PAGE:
The favorite was jailed within months on the corruption charges stemming from his part in the land-aggrandizement slush fund, charges that he was forced to admit under threat of torture. The ex-consigliere and his ex-duchy struck an uneasy bargain: there’d be no official charge, no death sentence, and he would stay under lock and key, disappearing like the Man in the Iron Mask.

Perhaps rating his lawyer’s wiles too highly, Enzlin broke this understanding by having his wife and children† appeal to the imperial authorities — employing the very safeguards of the Treaty of Turbingen which he had so diligently worked to abrogate. Brazenly but accurately, Enzlin pointed out that he had not been brought to trial for any charge. And he made the politically explosive argument that jailing ministers of state for the service they rendered their masters would compromise the entire authority of princes everywhere in the Holy Roman Empire.

Faced with the imminent success of the suit, Wurttemberg called his bluff and brought him immediately to trial and thence the scaffold for the peculation he had been blackmailed into admitting, enhanced now to outright treason. (This is why one should never talk to police.)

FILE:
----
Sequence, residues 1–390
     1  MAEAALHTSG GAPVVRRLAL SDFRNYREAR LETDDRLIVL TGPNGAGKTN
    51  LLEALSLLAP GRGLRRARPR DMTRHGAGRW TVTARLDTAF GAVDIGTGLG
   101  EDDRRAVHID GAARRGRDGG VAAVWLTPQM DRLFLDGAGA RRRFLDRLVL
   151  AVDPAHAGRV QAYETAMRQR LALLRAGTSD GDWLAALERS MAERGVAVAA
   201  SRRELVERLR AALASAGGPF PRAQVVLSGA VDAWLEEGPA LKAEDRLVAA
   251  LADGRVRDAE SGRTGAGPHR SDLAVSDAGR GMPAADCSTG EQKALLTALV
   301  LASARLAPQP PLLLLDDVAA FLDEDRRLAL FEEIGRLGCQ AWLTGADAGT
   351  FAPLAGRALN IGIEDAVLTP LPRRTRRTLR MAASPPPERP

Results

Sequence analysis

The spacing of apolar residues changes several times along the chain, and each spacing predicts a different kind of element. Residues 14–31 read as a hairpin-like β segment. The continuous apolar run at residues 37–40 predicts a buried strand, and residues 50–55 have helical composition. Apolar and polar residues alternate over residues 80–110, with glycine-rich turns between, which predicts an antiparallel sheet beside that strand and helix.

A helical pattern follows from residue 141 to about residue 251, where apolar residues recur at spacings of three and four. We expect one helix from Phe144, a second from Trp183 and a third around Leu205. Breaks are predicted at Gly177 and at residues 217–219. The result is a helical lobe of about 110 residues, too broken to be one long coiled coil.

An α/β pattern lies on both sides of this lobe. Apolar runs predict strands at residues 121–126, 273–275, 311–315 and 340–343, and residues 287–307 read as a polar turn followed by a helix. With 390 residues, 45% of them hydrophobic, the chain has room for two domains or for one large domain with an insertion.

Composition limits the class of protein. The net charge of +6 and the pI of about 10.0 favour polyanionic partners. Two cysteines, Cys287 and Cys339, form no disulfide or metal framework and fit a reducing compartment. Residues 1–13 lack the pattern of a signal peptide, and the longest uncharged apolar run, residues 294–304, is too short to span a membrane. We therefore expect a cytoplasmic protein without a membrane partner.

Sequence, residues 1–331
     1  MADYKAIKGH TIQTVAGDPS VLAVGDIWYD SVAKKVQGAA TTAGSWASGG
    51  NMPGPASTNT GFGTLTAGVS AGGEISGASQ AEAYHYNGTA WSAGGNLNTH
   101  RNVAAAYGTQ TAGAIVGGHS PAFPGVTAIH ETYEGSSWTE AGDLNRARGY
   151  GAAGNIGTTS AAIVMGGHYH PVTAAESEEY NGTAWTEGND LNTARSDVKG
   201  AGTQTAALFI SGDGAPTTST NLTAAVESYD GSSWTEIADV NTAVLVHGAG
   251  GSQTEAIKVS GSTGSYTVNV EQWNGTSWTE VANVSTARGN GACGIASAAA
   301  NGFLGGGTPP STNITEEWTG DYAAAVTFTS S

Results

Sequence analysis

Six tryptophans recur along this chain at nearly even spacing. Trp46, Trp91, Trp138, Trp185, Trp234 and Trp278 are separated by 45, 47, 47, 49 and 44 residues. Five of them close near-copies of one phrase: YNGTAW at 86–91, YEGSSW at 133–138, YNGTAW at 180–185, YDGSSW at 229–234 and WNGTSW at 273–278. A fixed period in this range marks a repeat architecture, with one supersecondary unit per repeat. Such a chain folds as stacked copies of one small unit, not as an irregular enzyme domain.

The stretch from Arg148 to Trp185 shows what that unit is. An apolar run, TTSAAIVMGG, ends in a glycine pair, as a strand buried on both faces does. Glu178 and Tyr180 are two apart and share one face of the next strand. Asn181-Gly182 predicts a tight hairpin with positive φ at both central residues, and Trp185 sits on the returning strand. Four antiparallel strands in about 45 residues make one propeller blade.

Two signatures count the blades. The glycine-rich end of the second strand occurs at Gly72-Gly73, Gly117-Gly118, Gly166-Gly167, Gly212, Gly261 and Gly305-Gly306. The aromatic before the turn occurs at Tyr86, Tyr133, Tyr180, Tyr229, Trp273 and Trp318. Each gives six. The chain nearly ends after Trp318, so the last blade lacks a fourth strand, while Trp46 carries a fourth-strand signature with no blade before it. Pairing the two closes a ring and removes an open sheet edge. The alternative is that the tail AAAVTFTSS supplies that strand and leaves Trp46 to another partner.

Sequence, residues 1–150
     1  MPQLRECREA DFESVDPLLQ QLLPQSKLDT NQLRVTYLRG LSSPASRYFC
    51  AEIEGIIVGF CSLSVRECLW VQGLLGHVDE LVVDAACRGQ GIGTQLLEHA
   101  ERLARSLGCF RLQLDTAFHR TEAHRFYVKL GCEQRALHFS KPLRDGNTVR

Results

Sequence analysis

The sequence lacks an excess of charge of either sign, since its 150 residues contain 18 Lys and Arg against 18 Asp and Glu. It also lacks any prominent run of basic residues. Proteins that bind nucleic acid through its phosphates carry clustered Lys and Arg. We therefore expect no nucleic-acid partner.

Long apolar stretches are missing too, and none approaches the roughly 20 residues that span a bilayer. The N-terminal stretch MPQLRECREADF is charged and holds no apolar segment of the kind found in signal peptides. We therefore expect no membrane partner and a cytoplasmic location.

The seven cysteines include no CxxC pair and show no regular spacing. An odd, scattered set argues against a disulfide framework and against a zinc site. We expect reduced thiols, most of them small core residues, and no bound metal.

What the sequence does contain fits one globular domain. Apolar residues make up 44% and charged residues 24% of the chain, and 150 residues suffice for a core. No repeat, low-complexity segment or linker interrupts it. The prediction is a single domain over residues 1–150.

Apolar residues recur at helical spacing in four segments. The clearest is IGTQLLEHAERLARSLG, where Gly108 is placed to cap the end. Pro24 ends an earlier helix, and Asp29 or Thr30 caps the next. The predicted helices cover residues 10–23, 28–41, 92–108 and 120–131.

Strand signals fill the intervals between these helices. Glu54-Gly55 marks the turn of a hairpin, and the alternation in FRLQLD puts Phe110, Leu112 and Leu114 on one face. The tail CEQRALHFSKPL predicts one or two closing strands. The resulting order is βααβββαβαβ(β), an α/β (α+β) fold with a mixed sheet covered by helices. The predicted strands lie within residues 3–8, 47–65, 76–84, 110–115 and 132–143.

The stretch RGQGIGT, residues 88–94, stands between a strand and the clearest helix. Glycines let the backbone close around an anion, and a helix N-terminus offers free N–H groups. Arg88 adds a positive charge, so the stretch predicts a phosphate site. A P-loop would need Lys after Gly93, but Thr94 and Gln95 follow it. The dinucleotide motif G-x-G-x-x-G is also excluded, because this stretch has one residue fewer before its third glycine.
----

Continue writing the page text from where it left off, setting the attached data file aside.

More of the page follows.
German speakers can also grab public-domain sketches of Enzlin’s career from a number of 19th century books available online, such as this and this.

* As one of Europe’s seminal constitutional contracts, the Tübinger Vertrag received 500th anniversary treatment in 2014.

** Shakespeare’s The Merry Wives of Windsor was written for a 1597 Knights of the Garter investiture ceremony. Because Duke Friederich (after a 1592 visit to England) had repeatedly petitioned Queen Elizabeth for this honor, he was inducted on this occasion — but without being notified in time to attend, so that the English court “would not have to put up with him”. As a result, Merry Wives had some in-jokes for its first audience about an absent German duke. Though mostly excised from the play’s subsequent public performance versions, a few traces of them remain, such as this allusion in act 4, scene 3:

Bardolph. Sir, the Germans desire to have three of your